Carl Zeiss Jena Flectogon F2.8 35mm, Kodak Ultramax 400
Carl Zeiss Jena Flectogon F2.8 35mm, Kodak Ultramax 400

Highly recommended.

Steve Fretz has been taking photographs for forty years. Follow him on Flickr.

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23 thoughts on “Exakta VX Review – Through The Past, Brightly”

  1. Good review thank you ! Totally unfamiliar with these
    I was really really pleased to see your photographs – love the colour, the red really pops! And such clean look! I haven’t ever tried this film before.

    1. Stephen Fretz

      Thanks! I can also recommend the Topcon SLRs, which are 60s-era SLRs that can mount Exakta lenses.

      1. Thomas Cervenak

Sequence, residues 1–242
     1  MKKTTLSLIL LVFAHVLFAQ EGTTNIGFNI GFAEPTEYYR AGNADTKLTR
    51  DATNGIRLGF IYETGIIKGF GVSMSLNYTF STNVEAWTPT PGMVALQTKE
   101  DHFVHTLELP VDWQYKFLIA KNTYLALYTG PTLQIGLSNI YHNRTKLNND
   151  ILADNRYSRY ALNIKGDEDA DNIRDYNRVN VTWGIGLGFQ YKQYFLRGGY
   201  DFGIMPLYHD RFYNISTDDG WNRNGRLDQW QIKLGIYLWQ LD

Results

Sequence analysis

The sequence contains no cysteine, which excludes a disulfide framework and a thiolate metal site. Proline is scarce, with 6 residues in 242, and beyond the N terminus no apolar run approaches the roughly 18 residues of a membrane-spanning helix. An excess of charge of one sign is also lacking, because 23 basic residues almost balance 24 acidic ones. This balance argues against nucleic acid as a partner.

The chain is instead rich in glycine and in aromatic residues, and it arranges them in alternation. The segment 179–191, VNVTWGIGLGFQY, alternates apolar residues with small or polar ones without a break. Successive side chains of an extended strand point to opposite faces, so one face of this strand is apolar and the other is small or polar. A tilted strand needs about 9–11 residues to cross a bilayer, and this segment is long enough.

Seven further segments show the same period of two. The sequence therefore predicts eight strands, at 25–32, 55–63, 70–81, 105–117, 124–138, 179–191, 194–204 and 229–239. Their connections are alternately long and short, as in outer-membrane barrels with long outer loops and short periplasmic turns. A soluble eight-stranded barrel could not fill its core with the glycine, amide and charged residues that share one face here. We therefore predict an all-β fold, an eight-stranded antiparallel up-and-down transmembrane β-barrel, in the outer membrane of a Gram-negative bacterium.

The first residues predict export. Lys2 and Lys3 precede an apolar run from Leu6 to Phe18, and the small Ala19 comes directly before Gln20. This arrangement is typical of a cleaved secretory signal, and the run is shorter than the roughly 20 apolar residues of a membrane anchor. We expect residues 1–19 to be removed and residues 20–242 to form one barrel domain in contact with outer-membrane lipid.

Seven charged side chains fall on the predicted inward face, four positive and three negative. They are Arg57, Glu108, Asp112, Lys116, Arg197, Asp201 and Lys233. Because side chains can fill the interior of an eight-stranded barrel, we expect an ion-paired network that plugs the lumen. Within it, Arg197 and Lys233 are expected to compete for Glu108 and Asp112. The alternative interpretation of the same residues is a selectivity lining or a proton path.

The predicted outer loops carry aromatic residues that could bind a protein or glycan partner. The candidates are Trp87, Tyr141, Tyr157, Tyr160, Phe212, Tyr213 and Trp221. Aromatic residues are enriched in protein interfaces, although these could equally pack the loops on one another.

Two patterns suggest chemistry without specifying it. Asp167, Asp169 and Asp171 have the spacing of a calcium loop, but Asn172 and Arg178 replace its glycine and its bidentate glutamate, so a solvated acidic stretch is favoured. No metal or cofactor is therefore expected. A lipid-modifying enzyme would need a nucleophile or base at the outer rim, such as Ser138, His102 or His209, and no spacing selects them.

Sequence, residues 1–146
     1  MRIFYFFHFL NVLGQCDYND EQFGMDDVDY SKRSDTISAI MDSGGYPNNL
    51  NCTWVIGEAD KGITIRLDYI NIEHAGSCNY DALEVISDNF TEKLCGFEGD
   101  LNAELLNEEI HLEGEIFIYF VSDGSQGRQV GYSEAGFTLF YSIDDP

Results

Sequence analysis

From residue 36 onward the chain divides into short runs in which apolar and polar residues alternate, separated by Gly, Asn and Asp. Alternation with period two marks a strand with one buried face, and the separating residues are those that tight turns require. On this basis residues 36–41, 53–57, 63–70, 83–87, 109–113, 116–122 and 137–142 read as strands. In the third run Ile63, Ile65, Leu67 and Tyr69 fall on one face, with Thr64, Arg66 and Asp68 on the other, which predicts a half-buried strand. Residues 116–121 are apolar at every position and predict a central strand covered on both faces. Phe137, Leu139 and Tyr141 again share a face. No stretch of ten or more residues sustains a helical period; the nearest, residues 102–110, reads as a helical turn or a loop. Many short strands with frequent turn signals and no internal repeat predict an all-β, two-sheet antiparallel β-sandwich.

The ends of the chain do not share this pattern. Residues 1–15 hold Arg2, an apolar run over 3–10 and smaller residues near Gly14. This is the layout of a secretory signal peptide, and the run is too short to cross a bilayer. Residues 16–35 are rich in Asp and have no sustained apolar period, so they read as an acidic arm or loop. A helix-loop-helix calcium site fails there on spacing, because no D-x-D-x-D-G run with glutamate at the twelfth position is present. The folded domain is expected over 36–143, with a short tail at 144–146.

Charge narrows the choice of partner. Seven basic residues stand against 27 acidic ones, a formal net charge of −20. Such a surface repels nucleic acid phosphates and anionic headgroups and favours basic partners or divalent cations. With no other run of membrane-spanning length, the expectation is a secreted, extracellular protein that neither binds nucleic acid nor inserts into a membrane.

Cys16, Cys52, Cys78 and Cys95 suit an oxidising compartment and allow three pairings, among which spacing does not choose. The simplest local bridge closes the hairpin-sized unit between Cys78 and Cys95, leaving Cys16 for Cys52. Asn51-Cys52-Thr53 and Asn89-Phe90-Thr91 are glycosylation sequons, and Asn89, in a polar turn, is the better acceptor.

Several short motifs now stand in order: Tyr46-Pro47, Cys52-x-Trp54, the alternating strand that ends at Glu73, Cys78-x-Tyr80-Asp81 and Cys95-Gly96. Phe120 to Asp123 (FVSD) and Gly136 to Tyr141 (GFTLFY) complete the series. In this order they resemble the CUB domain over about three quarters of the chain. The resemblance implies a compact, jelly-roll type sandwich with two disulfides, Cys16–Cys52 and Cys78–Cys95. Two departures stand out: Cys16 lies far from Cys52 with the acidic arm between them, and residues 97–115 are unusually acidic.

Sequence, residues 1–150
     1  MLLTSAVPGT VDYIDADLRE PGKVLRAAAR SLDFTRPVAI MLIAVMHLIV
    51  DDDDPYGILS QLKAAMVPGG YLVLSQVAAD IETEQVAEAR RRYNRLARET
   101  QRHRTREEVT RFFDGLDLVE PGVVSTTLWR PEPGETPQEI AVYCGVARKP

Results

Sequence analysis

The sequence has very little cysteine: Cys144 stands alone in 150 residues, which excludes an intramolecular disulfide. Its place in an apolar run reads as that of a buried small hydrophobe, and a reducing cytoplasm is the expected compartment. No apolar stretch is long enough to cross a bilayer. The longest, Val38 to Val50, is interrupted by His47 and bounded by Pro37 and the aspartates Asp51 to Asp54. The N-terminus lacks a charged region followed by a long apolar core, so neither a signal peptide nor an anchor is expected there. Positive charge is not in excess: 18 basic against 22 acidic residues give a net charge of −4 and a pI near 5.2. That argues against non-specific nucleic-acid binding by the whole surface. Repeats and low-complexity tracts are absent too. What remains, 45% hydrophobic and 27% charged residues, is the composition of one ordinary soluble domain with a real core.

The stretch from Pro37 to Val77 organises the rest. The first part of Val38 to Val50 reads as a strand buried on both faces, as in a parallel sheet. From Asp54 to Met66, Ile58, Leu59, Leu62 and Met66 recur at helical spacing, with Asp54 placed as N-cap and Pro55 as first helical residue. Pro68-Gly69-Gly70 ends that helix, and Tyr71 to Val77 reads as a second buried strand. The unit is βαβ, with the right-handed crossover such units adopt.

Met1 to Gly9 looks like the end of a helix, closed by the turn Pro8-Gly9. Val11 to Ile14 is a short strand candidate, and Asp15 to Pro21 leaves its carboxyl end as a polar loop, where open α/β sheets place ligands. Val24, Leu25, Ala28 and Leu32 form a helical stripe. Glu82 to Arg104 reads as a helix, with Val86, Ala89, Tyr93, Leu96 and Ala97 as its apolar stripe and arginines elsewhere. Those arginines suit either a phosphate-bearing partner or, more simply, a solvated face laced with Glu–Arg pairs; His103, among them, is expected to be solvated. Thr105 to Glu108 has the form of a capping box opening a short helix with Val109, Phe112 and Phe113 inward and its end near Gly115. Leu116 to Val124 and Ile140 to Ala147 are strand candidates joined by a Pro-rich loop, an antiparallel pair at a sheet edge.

Thank you for an excellent review. I got my first Exakta, a VX IIb in 1966 when my parents brought me back one from Czechoslovakia when they went there to visit my grandma. Though it was getting long in the tooth in 1966, for a high school student, it was still a camera that could do almost anything. It was lots of fun to use. With the interchangeable finders, the film knife and the incredible array of speeds, I took all sorts of unusual photographs. As part of a team, we won a fairly prestigious science fair award because of the microscopic photographs, I took with my Exakta. As a collector, I now have lots of Canon and Zeiss cameras to chose from, but as the author does, I usually grab one of my Exaktas. Even 60 to 80 years on, an Exakta is a very usable camera and still lots of fun to use.